NEW ANALYSIS: Attackers have access to more bandwidth than servers, but there are solutions in the market.
The popular Ancestry.com
genealogy Website was impacted by a distributed denial-of-service (DDoS) attack that started at 2:30 p.m. PT on June 16 and was resolved by 4:15 p.m. PT on June 17. While the motives behind the DDoS incident are not yet publicly known, the attack once again shines the spotlight on the increasing prevalence of DDoS in 2014.
In an email to eWEEK
, an Ancestry.com spokesperson noted that services are now largely up and running, though the site is currently working to stabilize all of its sites and fully recover from the attack. Ancestry.com provides paid membership services to its users, though the site is not likely to reimburse users for the time the site was unavailable.
"We currently don't have any plans to offer rebates for lost time," the spokesperson stated.
The full details on the particulars of the attack are also not yet known, and the spokesperson stated that the company is not disclosing any additional information around the DDoS attack outside of a blog post
first published on Tuesday.
"We take these situations very seriously and have put systems in place to help protect our Websites from attacks like this in the future," the spokesperson stated.
So what is a DDoS anyways, and why attack Ancestry.com?
Simply put, in a DDoS attack, an attacker marshals many endpoints and servers together to flood a target Website with traffic that overwhelms the target, hindering its ability to operate normally. In 2014 in particular, there has been a dramatic uptick in DDoS attack volumes, with hackers leveraging new techniques to amplify bandwidth to take down sites. VeriSign's recent first-quarter DDoS trends report
found that the largest DDoS attacks it has seen so far this year had a peak of 160G bps of traffic.
Just to provide some context, in an enterprise data center today, the most common Internet connection speed for servers is only 10G bps. So for a single server that may only have a 10G-bps inbound pipe to the Internet, to be impacted by 100G bps or more of traffic is a nontrivial issue.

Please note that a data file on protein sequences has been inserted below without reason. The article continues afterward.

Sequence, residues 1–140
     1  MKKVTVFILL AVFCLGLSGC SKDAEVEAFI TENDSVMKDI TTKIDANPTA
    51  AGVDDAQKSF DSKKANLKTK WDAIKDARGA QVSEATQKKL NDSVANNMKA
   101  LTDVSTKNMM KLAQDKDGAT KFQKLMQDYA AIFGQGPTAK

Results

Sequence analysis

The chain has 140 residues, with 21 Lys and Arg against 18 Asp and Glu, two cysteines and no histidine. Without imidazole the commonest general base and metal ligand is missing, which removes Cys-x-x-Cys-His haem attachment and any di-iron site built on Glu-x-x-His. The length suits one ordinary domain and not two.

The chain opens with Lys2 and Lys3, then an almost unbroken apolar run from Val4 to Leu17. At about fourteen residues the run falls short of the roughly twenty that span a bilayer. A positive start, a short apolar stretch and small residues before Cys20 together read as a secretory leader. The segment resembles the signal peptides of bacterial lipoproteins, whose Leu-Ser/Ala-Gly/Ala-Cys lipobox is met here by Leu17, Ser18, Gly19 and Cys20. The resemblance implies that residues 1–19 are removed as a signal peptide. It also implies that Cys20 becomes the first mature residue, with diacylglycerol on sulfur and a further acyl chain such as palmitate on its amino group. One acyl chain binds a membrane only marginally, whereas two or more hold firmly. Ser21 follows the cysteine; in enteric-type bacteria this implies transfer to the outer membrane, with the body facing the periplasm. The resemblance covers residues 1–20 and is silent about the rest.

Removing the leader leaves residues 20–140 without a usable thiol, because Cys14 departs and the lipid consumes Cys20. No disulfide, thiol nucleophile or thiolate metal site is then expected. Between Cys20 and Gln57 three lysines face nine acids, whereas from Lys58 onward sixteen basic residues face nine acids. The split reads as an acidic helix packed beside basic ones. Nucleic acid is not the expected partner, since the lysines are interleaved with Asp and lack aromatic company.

In the case of Ancestry.com, while the site is currently not providing much detail about the attack, publicly available resources that scan Internet service availability do provide some interesting insight.
The Netcraft site reports
for Ancestry.com indicate that since at least October of 2010, the site has been running on a Microsoft Internet Information Server (IIS) complemented by F5-BIG IP technology. F5 is a leading vendor in what is known as the Application Delivery Controller (ADC) market, and is sometimes referred to as a load balancer technology. With an ADC, traffic is balanced across multiple server resources to provide service to users. In recent years, F5 has been updating its technology to have a strong security focus, and it includes the ability to serve as a firewall.
F5 declined to comment specifically to eWEEK
about the security of any of its customers. As such, it's not known exactly how and where the F5 technology is in place. That said, the F5 technology is an on-premises based approach and, while it can be a significant part of an organization's DDoS defenses, other parts are still needed, especially when it comes to bandwidth.
That's where the next piece of the Netcraft data yields some very interesting insight. For reverse DNS
, Netcraft reports that Ancestry.com is now using Prolexic. Prolexic is interesting because it is a DDoS technology vendor that was recently acquired
by Akamai, which is a Content Delivery Network (CDN). The two technologies now can work together to provide robust security against large DDoS attacks.